Reporting on what it called “a case study of the way government mandates can spur innovation,” the New York Times noted back in 2009 that Philips Lighting had already developed a more efficient incandescent light bulb using halogen gas to comply with the new requirements. Philips executive Randall Moorhead has said that “the new incandescent lights were not being made because there was not an economic incentive to make them.” The other major lighting companies have followed suit, and today halogen incandescent bulbs are widely available for purchase at hardware stores, department stores and online. The U.S. Energy Information Administration projects that “more efficient incandescent lights” will continue to make up a large portion of general service light bulb purchases for decades to come.

And yet the efficiency standards — the first phase of which took effect on January 1 despite legislation blocking funding for enforcement — have been met with outrage from conservative media who spent the last year claiming that they infringe on consumer “freedom of choice.” Led by Fox News, right-wing media outlets have repeatedly told consumers that the standards would “ban” incandescent bulbs and force us all to purchase “mercury-laden, ugly and smelly compact fluorescent light bulbs,” to the chagrin of electrical manufacturers. Fox has even gone so far as to encourage consumers to “hoard” the old, inefficient bulbs.

(click here to continue reading Media Matters Goes Light Bulb Shopping | Media Matters for America.)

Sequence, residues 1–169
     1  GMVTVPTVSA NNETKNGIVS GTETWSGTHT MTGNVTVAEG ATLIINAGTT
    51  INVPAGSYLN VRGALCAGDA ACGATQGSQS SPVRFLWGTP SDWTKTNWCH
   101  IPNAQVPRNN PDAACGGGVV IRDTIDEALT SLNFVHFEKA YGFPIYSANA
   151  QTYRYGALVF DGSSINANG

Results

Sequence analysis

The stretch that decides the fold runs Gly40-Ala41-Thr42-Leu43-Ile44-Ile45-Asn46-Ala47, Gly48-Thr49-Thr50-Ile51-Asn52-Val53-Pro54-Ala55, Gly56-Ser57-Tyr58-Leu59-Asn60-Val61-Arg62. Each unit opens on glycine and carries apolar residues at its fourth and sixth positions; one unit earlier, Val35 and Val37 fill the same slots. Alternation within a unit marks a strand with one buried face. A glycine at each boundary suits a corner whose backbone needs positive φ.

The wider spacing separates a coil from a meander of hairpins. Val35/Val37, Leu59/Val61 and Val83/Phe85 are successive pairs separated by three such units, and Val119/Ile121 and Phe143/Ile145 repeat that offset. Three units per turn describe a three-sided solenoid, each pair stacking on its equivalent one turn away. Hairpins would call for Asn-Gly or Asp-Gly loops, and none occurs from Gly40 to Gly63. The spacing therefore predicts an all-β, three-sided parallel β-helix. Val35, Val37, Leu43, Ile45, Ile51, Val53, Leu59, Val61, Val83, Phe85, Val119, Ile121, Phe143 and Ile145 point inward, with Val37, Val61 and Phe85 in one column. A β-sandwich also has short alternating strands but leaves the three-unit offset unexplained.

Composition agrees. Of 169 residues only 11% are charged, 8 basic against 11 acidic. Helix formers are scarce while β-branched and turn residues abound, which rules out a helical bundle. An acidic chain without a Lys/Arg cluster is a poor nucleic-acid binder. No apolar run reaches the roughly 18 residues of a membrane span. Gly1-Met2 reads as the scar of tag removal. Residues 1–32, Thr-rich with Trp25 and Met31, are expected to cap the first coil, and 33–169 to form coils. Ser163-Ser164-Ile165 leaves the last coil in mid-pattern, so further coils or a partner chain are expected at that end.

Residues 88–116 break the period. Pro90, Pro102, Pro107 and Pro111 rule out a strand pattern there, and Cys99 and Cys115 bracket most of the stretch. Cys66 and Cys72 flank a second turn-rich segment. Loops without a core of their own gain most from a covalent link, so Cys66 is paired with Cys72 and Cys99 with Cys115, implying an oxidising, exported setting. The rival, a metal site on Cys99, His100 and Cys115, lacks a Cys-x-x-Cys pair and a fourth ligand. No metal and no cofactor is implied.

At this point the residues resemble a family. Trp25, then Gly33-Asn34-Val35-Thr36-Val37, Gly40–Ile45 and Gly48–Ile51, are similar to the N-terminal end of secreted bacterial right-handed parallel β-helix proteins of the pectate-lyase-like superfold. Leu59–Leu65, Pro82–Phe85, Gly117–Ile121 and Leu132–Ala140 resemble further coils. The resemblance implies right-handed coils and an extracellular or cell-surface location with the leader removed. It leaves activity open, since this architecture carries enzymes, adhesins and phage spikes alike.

Banality
Banality

The lighbulb manufacturers must regret being Republican sponsors…

The NYT reported last May:

Late in his second term, George W. Bush signed into law the Energy Independence and Security Act of 2007, which requires light bulb makers to improve the efficiency of incandescent bulbs by 25 percent. The details of the law dictated a phase-out of the manufacture of certain bulbs in their current incarnation, starting with 100-watt bulbs next January.

The law does not ban the use or manufacture of all incandescent bulbs, nor does it mandate the use of compact fluorescent ones. It simply requires that companies make some of their incandescent bulbs work a bit better, meeting a series of rolling deadlines between 2012 and 2014.

Furthermore, all sorts of exemptions are written into the law, which means that all sorts of bulbs are getting a free pass and can keep their energy-guzzling ways indefinitely, including “specialty bulbs” like the Edison bulbs favored by Mr. Henault, as well as three-way bulbs, silver-bottomed bulbs, chandelier bulbs, refrigerator bulbs, plant lights and many, many others.

Nonetheless, as the deadline for the first phase of the legislation looms, light bulb confusion — even profound light bulb anxiety — is roiling the minds of many. The other day, Ken Henderlong, a sales associate at Oriental Lamp Shade Company on Lexington Avenue, said that his customers “say they want to stockpile incandescent bulbs, but they are not sure when to start. No one knows when the rules go into effect or what the rules are.”

Probably this is because articles about light bulb legislation are incredibly boring, and articles about the end of the light bulb as we know it are less so. Certainly they stick in the mind longer.

For years, Glenn Beck, among other conservative pundits and personalities, has proclaimed the death of the incandescent light bulb as a casualty of the “nanny state” (never mind that the light bulb legislation is a Bush-era act), and he has been exhorting his listeners to hoard 100-watt light bulbs (along with gold and canned food). This year, conservative politicians took a leaf from his playbook, introducing bills like the Light Bulb Freedom of Choice Act, courtesy of Michele Bachmann, the Minnesota congresswoman, that would repeal the 2007 legislation.